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Old 07-02-11, 08:34 AM   #1
tjwil9488
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Want to replace SunTour fork on my 2011 Giant, Talon 29er 1.

There are two things about the SunTour fork on my bike (2011 TALON 29ER 1) I don't like. I would think that most people would think these issues are minor, and they probably are, I just don't like them. One of things I don't like is the slight bit of play in the fork. The slight bit of movement in the fork I'm talking about is when you straddle the bike and you lock the front brakes and slightly moving it forward and back there's some play, it feels like the headset is loose but I know its not. The research that I have done mentions this is common in mid to low grade coil spring forks. The second, when going over little bumps there's a very subtle rattling sound, when putting more force on the front forks there is no sound, I would think it to be the opposite.

Knowing what I dislike, I would like to put a different suspension fork on my bike (not SunTour). Can this be done without replacing any other components on my bike, such is front wheel, Hub, brakes, Etc? Just want a bolt on replacement and I'm going to have a local bike shop do the labor.

And what is a good fork? I don't need anything high-end, something mid-level. Can I get a decent fork for under $500? The specs on my biker below.

SR Raidon 29" (Custom for Giant), Alloy Steerer, 15QR w/ Lockout, 100mm Travel
http://www.giant-bicycles.com/en-us/...er/7377/44105/
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Old 07-02-11, 11:29 AM   #2
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Look at blueskycycling.com or jensonusa.com. There are tons of good mid level forks for way under $500.
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Old 07-02-11, 12:04 PM   #3
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About the only thing I've found that will be "turnkey" is at Pricepoint:

http://www.pricepoint.com/detail/214...p=315%20MAR121


Your problem is that your front wheel is a QR15. If it were a 9mm QR, it would be much easier. Recon and Tora at jensonusa.com are excellent choices, but you either need a convertible hub or a new front wheel.

The Marz 44 listed above is a 100 percent better fork than the crap that you're suffering through now though.
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Old 07-02-11, 01:18 PM   #4
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I was considering buying the Talon 1, but I've read about similar complaints on other MTB forums. Anyone else had problems with the Talon 1?
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Old 07-12-11, 09:08 AM   #5
tjwil9488
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@ Ed, I ordered the fork, from the website you recommended, “pricepoint”

I think I'm technical enough to install a new fork, but to be on the safe side I'm going to have a local bike shop install it. To my understanding there shouldn't be any major modifications outside of cutting the stem, everything else should just bolt on, brakes, wheel. Would you say this is correct?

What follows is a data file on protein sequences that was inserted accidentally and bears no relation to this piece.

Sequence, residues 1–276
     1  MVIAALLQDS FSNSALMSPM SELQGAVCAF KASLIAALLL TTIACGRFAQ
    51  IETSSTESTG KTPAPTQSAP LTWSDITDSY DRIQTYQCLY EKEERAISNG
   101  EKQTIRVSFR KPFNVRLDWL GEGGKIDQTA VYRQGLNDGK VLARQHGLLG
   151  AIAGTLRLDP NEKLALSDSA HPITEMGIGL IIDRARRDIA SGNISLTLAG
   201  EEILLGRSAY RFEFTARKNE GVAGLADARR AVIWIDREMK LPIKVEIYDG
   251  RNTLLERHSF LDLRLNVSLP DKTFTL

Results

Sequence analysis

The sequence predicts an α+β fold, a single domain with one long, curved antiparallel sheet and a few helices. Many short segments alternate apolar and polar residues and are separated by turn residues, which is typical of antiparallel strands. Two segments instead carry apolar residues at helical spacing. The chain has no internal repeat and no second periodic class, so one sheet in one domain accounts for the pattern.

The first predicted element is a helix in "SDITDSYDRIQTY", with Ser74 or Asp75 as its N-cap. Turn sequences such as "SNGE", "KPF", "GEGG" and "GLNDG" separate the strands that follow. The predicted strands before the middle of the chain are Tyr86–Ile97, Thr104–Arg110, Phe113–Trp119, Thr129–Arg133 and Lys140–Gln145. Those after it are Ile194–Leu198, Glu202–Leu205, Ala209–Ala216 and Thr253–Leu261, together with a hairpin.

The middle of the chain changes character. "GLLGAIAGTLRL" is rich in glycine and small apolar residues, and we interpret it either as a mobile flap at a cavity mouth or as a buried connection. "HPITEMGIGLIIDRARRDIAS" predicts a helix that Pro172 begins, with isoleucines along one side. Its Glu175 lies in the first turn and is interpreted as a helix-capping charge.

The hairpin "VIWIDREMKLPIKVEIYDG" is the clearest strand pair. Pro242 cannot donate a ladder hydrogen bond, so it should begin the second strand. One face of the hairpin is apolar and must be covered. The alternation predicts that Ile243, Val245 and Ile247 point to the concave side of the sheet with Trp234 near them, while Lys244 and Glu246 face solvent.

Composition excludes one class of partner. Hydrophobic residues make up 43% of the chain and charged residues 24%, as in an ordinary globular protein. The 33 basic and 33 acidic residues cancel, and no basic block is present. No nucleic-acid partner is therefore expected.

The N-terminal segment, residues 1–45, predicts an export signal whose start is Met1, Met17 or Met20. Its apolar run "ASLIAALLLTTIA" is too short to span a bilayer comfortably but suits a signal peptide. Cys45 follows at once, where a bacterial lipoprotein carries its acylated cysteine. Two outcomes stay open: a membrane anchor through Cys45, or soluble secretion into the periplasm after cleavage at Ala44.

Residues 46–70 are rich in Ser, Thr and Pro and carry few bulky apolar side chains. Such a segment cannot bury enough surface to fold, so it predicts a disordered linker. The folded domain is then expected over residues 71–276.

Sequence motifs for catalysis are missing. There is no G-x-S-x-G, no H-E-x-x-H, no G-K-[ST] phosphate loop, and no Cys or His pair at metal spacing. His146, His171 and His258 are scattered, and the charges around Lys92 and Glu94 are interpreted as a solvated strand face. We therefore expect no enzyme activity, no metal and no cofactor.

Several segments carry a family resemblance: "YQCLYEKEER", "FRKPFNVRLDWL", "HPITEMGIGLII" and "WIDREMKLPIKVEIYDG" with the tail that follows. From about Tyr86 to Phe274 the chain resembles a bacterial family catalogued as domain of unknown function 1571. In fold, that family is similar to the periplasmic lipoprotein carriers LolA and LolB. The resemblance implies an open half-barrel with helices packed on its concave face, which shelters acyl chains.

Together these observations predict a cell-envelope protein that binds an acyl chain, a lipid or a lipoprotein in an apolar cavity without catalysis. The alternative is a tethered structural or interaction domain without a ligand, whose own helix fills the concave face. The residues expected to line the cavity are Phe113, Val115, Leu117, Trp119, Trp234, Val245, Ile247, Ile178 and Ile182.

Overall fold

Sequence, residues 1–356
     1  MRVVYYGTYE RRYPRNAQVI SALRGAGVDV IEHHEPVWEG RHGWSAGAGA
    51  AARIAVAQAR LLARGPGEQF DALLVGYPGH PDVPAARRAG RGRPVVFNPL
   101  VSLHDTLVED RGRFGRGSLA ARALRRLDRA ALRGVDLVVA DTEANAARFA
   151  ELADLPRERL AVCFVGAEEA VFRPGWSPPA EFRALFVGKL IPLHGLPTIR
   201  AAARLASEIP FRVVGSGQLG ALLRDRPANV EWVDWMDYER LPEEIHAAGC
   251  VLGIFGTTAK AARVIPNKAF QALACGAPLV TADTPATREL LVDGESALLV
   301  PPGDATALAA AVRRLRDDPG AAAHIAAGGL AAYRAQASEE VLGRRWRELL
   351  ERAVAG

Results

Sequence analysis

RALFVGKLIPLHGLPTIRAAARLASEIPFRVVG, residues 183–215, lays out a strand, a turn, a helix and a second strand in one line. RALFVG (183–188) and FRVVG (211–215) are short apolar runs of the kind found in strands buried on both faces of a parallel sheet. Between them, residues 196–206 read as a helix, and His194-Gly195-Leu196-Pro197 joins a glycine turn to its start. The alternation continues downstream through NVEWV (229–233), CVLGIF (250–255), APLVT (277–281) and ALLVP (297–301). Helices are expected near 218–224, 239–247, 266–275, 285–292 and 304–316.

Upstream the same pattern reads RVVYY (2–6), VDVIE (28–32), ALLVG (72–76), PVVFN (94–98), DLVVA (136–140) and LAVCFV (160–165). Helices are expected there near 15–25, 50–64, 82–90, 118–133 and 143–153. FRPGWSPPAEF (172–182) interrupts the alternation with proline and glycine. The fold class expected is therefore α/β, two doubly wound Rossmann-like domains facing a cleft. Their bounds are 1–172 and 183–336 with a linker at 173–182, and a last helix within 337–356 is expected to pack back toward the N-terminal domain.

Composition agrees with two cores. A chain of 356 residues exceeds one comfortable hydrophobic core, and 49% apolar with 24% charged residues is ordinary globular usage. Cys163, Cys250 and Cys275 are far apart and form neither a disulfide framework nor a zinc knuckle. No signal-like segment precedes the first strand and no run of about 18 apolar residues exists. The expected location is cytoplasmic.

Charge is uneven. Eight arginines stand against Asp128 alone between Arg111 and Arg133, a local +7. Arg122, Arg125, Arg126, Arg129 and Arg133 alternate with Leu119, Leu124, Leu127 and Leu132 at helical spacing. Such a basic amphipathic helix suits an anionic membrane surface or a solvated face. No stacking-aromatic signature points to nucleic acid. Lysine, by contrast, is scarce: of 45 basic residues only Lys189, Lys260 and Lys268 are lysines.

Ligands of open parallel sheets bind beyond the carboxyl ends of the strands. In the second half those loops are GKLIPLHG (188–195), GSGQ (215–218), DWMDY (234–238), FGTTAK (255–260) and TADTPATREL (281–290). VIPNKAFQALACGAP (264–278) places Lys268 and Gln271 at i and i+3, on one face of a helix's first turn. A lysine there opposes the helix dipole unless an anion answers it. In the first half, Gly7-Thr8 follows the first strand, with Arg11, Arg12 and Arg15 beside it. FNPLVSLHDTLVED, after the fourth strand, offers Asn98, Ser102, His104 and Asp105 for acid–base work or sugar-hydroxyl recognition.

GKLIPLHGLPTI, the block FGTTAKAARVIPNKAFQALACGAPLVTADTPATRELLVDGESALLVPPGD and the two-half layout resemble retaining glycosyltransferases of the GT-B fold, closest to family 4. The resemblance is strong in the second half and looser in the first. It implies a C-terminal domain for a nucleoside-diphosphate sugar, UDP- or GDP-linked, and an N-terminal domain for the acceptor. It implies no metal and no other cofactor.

My current shock travel is 100mm, and the Marzocchi comes stock out-of-the-box with 120mm travel, it comes with spacers to adjust the travel to put it at 100mm. I assume if I leave it at 120mm it's just going to bring the front end up a little. But would it damage anything since I'm changing the geometry, maybe wearing out the front bearings? Again I don't know I’m new to this whole thing.
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Old 07-12-11, 10:19 AM   #6
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Just make sure you get the tube cut the right size (or at least just not too short). The best is probably the length of your current fork. The crown race can be a pain to swap, and you will need a star/claw nut(?) wedged down into the tube. You should go to park tools or other places online they will tell you exactly how to take out and reinstall the fork.

Last edited by ShimmerFade; 07-12-11 at 10:22 AM.
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Old 07-12-11, 10:53 AM   #7
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If you leave it at 120mm it will feel more stable at speed, more confident on the DH sections. You will notice that it wanders more on slow climbs. It will be a little less nimble on winding singletrack. I'd leave it at 120mm myself and see if you like it...if you don't, you can always have it lowered or follow instructions and DIY. I was running 160mm fork on my Komodo for a while and really liked it for the most part. I've got PIKE on there now with a U-Turn 95-140mm. I rarely crank it down to 95mm. I prefer 140 for pretty-much everything except maybe trials'y type stuff.

As far as your steerer tube...if the shop's gonna do it, they'll know what to do. I don't have a C-race puller, so I usually just use a small Craftsman flat bladed screwdriver and go very slow with a small wooden hammer working my way around the tube. Go in small incriments and be patient. As far as setting the new race...I use a piece of PVC.

Last edited by ed; 07-12-11 at 01:10 PM.
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Old 07-12-11, 11:16 AM   #8
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Quote:
Originally Posted by ShimmerFade View Post
Just make sure you get the tube cut the right size (or at least just not too short).
Rule of thumb: if you've cut it three times and it's still too short, you're in trouble.
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